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Potassium Inwardly-Rectifying Channel, Subfamily J, Member 11 (KCNJ11) (C-Term) antibody

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Synonyms kir6.2, Kir6.2, mBIR, BIR, HHF2, IKATP, KIR6.2, PHHI, TNDM3
(43), (26), (20), (18), (15), (14), (3), (2), (2), (1), (1), (1), (1), (1), (1), (1), (1)
(129), (73), (46), (6), (3), (3), (2), (1)
(100), (39), (1)
(8), (8), (8), (6), (6), (6), (2), (2), (2), (2), (2), (2), (2), (2), (2)
Immunohistochemistry (IHC), Western Blotting (WB)
(111), (85), (32), (22), (21), (19), (16), (3), (3), (1)
Pubmed 5 references available
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Quantity 100 μL
Shipping to United States ( )
Availability Will be delivered in 7 to 8 Business Days
Immunogen A synthetic peptide from the c-terminal region of human KCNJ11 (Kir6.2) conjugated to an immunogenic carrier protein was used as the antigen. The antigen shares 94% identity with rat and mouse sequence.
Specificity Specific for KCNJ11.
Purification Whole serum
Alternative Name KCNJ11 (KCNJ11 Antibody Abstract)
Background Function: This receptor is controlled by G proteins. Inward rectifier potassium channels are characterized by a greater tendency to allow potassium to flow into the cell rather than out of it. Their voltage dependence is regulated by the concentration of extracellular potassium, as external potassium is raised, the voltage range of the channel opening shifts to more positive voltages. The inward rectification is mainly due to the blockage of outward current by internal magnesium. Can be blocked by extracellular barium. Defects in KCNJ11 are the cause of familial hyperinsulinemic hypoglycemia type 2 (HHF2), also known as persistent hyperinsulinemic hypoglycemia of infancy (PPHI) or hyperinsulinism. HHF2 is the most common cause of persistent hypoglycemia in infancy and is due to defective negative feedback regulation of insulin secretion by low glucose levels. It causes nesidioblastosis, a diffuse abnormality of the pancreas in which there is extensive, often disorganized formation of new islets. Unless early and aggressive intervention is undertaken, brain damage from recurrent episodes of hypoglycemia may occur.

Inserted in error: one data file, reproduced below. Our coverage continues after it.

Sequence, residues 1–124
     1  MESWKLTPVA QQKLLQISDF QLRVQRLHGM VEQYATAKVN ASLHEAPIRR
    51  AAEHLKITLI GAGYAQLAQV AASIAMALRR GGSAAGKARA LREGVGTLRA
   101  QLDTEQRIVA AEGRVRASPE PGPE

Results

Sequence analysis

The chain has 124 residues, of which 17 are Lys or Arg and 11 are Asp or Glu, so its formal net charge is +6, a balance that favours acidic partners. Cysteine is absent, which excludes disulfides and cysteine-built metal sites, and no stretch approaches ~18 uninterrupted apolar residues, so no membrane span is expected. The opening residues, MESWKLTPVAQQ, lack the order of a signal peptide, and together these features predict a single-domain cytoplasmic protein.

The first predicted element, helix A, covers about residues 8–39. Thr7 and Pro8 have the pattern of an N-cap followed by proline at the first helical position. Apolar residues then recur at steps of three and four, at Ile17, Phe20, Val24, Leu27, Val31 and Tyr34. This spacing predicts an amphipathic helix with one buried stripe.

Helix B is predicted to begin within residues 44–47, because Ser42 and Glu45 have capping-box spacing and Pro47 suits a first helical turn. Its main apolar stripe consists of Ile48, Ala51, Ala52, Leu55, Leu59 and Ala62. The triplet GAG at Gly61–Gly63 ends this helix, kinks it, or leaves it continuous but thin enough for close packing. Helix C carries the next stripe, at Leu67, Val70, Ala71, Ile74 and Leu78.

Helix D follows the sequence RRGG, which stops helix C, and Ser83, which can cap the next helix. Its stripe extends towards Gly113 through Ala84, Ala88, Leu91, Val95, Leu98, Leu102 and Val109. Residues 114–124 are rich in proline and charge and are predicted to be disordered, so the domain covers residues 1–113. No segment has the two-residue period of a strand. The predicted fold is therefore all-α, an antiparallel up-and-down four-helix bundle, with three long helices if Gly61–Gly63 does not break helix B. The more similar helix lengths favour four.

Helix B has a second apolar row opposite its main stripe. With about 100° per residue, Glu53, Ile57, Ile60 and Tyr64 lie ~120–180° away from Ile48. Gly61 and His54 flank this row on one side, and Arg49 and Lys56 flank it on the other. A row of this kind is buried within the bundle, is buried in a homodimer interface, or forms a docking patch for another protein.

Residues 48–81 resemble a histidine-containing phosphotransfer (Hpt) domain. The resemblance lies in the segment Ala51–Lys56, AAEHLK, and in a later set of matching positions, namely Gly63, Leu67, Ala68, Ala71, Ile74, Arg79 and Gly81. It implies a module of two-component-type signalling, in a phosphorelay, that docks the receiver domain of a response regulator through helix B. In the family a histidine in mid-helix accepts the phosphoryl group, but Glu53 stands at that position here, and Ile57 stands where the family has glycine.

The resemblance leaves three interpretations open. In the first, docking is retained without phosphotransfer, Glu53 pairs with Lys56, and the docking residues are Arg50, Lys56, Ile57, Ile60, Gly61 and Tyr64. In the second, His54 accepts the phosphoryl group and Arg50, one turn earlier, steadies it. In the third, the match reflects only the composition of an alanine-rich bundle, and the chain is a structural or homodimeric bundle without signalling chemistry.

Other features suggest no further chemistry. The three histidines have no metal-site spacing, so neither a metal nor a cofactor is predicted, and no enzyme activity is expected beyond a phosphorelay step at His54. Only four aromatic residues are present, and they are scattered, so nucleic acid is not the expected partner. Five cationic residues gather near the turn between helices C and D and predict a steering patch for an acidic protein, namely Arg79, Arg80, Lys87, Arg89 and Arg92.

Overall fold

Subcellular location: Membrane, Multi-pass membrane protein. Also known as: ATP-sensitive inward rectifier potassium channel 11, Potassium channel, inwardly rectifying subfamily J member 11, Inward rectifier K(+) channel Kir6.2, IKATP.
Application Notes A dilution of 1 : 300 to 1 : 2000 is recommended.
The optimal dilution should be determined by the end user.
Not yet tested in other applications.
Restrictions For Research Use only
Format Lyophilized
Reconstitution Reconstitute in 500 µL of sterile water. Centrifuge to remove any insoluble material.
Handling Advice Avoid freeze and thaw cycles.
Storage 4 °C/-20 °C
Storage Comment Maintain the lyophilised/reconstituted antibodies frozen at -20°C for long term storage and refrigerated at 2-8°C for a shorter term. When reconstituting, glycerol (1:1) may be added for an additional stability. Avoid freeze and thaw cycles.
Expiry Date 12 months
Background publications Stanik, Gasperikova, Paskova et al.: "Prevalence of permanent neonatal diabetes in Slovakia and successful replacement of insulin with sulfonylurea therapy in KCNJ11 and ABCC8 mutation carriers." in: The Journal of clinical endocrinology and metabolism, Vol. 92, Issue 4, pp. 1276-82, 2007 (PubMed).

Halushka, Fan, Bentley et al.: "Patterns of single-nucleotide polymorphisms in candidate genes for blood-pressure homeostasis." in: Nature genetics, Vol. 22, Issue 3, pp. 239-47, 1999 (PubMed).

Meissner, Beinbrech, Mayatepek: "Congenital hyperinsulinism: molecular basis of a heterogeneous disease." in: Human mutation, Vol. 13, Issue 5, pp. 351-61, 1999 (PubMed).

Sakura, Wat, Horton et al.: "Sequence variations in the human Kir6.2 gene, a subunit of the beta-cell ATP-sensitive K-channel: no association with NIDDM in while Caucasian subjects or evidence of abnormal function when expressed in vitro." in: Diabetologia, Vol. 39, Issue 10, pp. 1233-6, 1997 (PubMed).

Inagaki, Gonoi, Clement et al.: "Reconstitution of IKATP: an inward rectifier subunit plus the sulfonylurea receptor." in: Science (New York, N.Y.), Vol. 270, Issue 5239, pp. 1166-70, 1996 (PubMed).

Catalog No. ABIN350386
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